NEW BRUNSWICK — A rabbi convicted of laundering hundreds of thousands of dollars will serve just 60 days in jail — even though prosecutors hoped to send him to prison for a dozen years.

Supporters of Rabbi Osher Eisemann packed a courtroom in support during his sentencing hearing on Monday.

Eisemann, 60, of Lakewood, had been the director of the School for Children with Hidden Intelligence. He as was found guilty by a Middlesex County jury of second-degree charges of money laundering and misconduct by a corporate official.

During his trial, the prosecution argued Eisemann misappropriated $200,000 in school funds that he used in a scheme designed to make it appear that he used personal funds to repay debts he owed to SCHI.

It also said that between 2011 and 2015, Eisemann used the a fundraising foundation called the Services for Hidden Intelligence to misappropriate $779,000 in operating funds from SCHI. The state office of the Attorney General said that was specifically public tuition monies entrusted to the school to educate special needs children.

The OAG said Superior Court Judge Benjamin S. Bucca Jr. agreed to a 60-day sentence and probation "over the state's objection," because the judge found Eisemann had overcome the presumption of imprisonment attached to his second-degree offenses. The AOG said it's considering an appeal.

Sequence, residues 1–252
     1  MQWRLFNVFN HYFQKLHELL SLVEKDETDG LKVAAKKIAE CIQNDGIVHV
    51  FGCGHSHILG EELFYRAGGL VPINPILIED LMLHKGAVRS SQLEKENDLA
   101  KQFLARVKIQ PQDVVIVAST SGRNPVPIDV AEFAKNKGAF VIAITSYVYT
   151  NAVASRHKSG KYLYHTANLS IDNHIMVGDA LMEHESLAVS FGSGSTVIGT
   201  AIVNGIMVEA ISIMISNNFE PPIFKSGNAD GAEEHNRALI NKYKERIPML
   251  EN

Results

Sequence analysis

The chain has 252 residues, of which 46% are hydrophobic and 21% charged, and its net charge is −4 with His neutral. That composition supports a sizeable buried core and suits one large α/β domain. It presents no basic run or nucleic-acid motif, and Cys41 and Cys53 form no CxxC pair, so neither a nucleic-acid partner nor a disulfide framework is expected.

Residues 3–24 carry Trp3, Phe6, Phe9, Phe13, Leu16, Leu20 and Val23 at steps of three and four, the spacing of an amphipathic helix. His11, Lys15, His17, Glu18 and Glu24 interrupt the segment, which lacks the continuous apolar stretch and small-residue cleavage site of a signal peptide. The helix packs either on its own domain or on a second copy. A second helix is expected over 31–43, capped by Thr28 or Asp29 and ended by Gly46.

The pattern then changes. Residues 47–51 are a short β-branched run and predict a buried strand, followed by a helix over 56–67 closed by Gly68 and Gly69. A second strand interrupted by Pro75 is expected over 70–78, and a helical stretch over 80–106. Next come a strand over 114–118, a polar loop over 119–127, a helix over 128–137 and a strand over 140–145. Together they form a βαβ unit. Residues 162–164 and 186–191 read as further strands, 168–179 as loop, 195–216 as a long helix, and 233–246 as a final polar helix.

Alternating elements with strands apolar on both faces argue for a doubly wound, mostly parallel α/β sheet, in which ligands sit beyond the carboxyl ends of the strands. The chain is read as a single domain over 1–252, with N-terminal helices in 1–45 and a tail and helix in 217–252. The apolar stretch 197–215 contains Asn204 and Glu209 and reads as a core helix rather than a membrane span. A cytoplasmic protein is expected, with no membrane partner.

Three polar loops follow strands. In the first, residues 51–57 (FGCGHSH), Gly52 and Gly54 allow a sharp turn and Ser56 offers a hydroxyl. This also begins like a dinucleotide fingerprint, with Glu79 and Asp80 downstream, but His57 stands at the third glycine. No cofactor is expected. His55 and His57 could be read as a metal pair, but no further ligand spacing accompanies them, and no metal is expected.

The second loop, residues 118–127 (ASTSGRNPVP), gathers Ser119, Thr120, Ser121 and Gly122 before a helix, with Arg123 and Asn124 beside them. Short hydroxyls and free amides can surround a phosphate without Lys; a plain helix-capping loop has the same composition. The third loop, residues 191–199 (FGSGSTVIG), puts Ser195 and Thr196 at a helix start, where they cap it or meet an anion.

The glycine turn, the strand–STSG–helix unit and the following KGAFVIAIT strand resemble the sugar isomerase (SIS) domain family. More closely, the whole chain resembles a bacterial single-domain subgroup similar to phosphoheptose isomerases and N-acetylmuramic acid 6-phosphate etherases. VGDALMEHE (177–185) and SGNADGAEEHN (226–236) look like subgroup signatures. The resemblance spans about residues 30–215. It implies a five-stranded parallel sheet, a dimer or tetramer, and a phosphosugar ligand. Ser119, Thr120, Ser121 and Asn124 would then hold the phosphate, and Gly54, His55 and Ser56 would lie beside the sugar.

Eisemann was acquitted of a charge of first-degree corruption of public resources, and the SHI was acquitted of all charges.

The OAG said Bucca Monday denied a motion filed by the defense to have him set aside the jury verdict and enter a judgment of acquittal or order a new trial.

 

Among those in the courtroom was Eisemann's special needs son, according to the Asbury Park Press. Eisemann's lawyer, Lee Vartan, was emotional when he read a letter to the judge urging him to disregard the state's recommendation of a 12 year sentence because of the rabbi's "good character."

He said Eisemann paid back the money from the school in 12 days and the school was not hurt.

Bucca also ordered Eisemann to pay an anti-money laundering profiteering penalty of $250,000. The parties will return to court July 1 to determine when Eisemann must report for his jail term.

— With previous reporting by Dan Alexander

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